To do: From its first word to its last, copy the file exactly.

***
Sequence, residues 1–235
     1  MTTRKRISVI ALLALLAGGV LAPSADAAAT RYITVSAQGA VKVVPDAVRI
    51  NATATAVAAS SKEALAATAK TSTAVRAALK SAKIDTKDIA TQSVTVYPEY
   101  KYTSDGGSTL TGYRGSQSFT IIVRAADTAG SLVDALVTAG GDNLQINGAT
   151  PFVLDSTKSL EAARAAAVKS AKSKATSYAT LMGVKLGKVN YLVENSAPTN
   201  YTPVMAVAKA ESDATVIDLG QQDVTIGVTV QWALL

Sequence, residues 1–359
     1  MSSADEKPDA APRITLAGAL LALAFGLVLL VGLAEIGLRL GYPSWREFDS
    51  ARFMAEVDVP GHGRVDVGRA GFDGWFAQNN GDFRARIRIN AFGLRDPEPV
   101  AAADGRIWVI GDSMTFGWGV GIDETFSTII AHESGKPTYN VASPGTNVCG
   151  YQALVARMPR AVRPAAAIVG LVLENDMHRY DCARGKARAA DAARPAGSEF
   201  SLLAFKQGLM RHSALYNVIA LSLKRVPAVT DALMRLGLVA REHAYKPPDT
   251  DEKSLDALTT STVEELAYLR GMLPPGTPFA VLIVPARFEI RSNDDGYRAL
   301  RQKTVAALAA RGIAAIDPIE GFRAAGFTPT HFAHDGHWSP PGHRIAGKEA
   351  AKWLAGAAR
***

Sequence, residues 1–235
     1  MTTRKRISVI ALLALLAGGV LAPSADAAAT RYITVSAQGA VKVVPDAVRI
    51  NATATAVAAS SKEALAATAK TSTAVRAALK SAKIDTKDIA TQSVTVYPEY
   101  KYTSDGGSTL TGYRGSQSFT IIVRAADTAG SLVDALVTAG GDNLQINGAT
   151  PFVLDSTKSL EAARAAAVKS AKSKATSYAT LMGVKLGKVN YLVENSAPTN
   201  YTPVMAVAKA ESDATVIDLG QQDVTIGVTV QWALL

Sequence, residues 1–359
     1  MSSADEKPDA APRITLAGAL LALAFGLVLL VGLAEIGLRL GYPSWREFDS
    51  ARFMAEVDVP GHGRVDVGRA GFDGWFAQNN GDFRARIRIN AFGLRDPEPV
   101  AAADGRIWVI GDSMTFGWGV GIDETFSTII AHESGKPTYN VASPGTNVCG
   151  YQALVARMPR AVRPAAAIVG LVLENDMHRY DCARGKARAA DAARPAGSEF
   201  SLLAFKQGLM RHSALYNVIA LSLKRVPAVT DALMRLGLVA REHAYKPPDT
   251  DEKSLDALTT STVEELAYLR GMLPPGTPFA VLIVPARFEI RSNDDGYRAL
   301  RQKTVAALAA RGIAAIDPIE GFRAAGFTPT HFAHDGHWSP PGHRIAGKEA
   351  AKWLAGAAR